And is it fair to say that every year we delay in limiting emissions decreases the time available to limit warming to 1.5C degrees?
Yes, it does. The situation is incredibly urgent. I just mentioned that once you've overshot 1.5C, it's still worth fighting to limit warming. But that doesn't mean you shouldn't still aim for 1.5C now.
Do you think it's still possible for us to achieve Net Zero in time?
That's the million dollar question, isn't it? I really don't know, to be honest. It is technically possible. The IPCC has shown that there are technologies at our disposal that we can use to at least halve emissions: it just becomes a matter of political will and people getting on with it, really. There are no particular barriers to reducing by this first half, which is a large part of getting to Net Zero. Whether we reduce the next half depends on whether we can develop things like carbon removal and put in place larger measures to decarbonise. So personally, I think it's hard to say, but I think we should keep aiming for it.
Fossil fuels must be phased out, but carbon dioxide removals will still be needed
Whilst we are on the subject of removals, in overshoot scenarios they become more and more relevant. We're seeing increasing emphasis from fossil fuel companies on the role of carbon capture and storage (CCS) in achieving Net Zero, but in practice, a lot of CCS technologies haven't been demonstrated at scale. How useful do you think focusing on the role of carbon capture and storage is?
I think CCS shouldn't be viewed as an alternative to emissions cuts. It’s going to be an additional solution. At some point we are going to have to be actively removing carbon from the atmosphere, especially if we do overshoot 1.5C warming. But even if we don't overshoot, I think there's always going to be some level of emissions. Even if it's not carbon, it could be methane coming from food production. Rice, for example, a huge, staple food crop produces loads of methane, so actual zero emissions seems highly unlikely. Therefore, we are going to need some level of greenhouse gas removal. That's why it's worth pursuing CCS, but it shouldn't be at the expense of reducing emissions. And that's the concern of course. A lot of people are worried that removal technologies will distract from what is really needed, which is emissions cuts.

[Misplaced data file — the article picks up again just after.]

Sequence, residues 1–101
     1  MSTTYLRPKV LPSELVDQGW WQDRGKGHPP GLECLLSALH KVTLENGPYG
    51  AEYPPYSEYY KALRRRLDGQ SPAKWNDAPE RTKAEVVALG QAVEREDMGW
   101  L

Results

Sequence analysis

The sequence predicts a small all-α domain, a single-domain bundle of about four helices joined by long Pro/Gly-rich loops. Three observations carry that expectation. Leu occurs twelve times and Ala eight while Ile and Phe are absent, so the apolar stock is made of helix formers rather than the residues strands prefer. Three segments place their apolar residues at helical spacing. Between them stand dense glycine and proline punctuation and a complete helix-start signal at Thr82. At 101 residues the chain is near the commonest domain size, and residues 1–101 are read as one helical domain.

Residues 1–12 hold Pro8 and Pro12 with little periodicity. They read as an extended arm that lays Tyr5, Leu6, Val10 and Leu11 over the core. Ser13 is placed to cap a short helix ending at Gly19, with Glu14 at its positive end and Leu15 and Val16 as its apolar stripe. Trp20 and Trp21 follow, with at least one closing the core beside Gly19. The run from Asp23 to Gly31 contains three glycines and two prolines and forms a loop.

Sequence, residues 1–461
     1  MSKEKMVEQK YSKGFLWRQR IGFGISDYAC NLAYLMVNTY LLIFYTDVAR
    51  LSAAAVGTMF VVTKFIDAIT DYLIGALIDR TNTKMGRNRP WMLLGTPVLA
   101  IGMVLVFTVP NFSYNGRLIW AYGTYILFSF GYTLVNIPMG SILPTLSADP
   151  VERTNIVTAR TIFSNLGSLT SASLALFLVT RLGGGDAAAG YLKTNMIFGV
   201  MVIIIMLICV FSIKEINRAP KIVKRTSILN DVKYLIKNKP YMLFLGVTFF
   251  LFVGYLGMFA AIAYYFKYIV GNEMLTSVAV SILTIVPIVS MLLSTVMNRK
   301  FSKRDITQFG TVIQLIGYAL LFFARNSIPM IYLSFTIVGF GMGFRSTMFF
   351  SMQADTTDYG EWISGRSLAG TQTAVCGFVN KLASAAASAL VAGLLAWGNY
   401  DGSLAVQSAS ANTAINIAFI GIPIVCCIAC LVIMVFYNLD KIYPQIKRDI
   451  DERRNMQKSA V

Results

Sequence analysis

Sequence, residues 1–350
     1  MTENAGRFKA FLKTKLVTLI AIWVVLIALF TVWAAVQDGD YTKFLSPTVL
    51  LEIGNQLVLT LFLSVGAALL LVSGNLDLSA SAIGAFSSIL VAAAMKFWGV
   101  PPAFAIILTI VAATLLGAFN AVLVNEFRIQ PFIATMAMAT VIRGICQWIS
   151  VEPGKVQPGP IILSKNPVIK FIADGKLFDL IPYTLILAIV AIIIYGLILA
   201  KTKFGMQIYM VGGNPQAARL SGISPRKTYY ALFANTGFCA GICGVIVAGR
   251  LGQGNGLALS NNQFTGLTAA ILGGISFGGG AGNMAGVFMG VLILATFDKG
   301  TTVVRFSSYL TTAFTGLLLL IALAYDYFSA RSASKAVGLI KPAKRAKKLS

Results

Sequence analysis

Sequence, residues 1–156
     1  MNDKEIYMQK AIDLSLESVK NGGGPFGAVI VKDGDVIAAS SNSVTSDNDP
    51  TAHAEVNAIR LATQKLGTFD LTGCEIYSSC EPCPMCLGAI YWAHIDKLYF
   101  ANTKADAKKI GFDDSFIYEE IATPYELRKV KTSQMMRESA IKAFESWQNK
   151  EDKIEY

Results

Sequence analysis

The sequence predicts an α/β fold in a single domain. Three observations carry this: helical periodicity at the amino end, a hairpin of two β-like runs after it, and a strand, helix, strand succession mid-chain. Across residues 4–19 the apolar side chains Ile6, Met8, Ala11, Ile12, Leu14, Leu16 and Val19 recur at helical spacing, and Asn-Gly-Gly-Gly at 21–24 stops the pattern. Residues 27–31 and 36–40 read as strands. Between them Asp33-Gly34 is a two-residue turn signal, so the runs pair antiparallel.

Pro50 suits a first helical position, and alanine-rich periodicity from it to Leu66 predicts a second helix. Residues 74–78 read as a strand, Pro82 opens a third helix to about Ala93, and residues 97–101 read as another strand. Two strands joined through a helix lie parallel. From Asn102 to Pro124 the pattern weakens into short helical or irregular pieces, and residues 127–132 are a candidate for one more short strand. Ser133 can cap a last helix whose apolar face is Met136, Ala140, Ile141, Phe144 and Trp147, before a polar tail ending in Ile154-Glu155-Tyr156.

What's your view on the need, therefore, for fossil fuels to be phased out?
They need to be phased out. It’s basically putting carbon into the system that has not been there for millions and millions of years. Phasing them out is something that needs to happen.
That's clear. You mentioned that if we do overshoot 1.5C, we could use these removals technologies to return to 1.5C? How could we do that? Would that involve us having to go carbon negative?
Yes, exactly. It's going beyond Net Zero. It's actually negative emissions, so the removals have to outweigh the emissions. There's technological means of removing carbon and then natural means like woodland creation, reforestation and so on. However, the technological processes aren't yet proven at scale.
With the natural processes, you remain vulnerable to climate change. For instance, you might plant a forest which would take carbon out for a while, but then if you had a huge fire that would return the carbon to the atmosphere. But it would serve a purpose in the intervening years; having taken some carbon out even temporarily can help buy time, of course. But it's not necessarily a permanent solution. It's not a permanent alternative to just not emitting it in the first place.
How quickly could a return to 1.5C happen in an overshoot scenario?
The speed of the return would depend on how deeply negative the emissions were, but it would likely be decades to centuries really, for what you might consider plausible scenarios. This is because there's physical limits to how much you can reforest, there will be limits for how much energy is available for technological removals.
Protecting nature is essential for human health and reaching Net Zero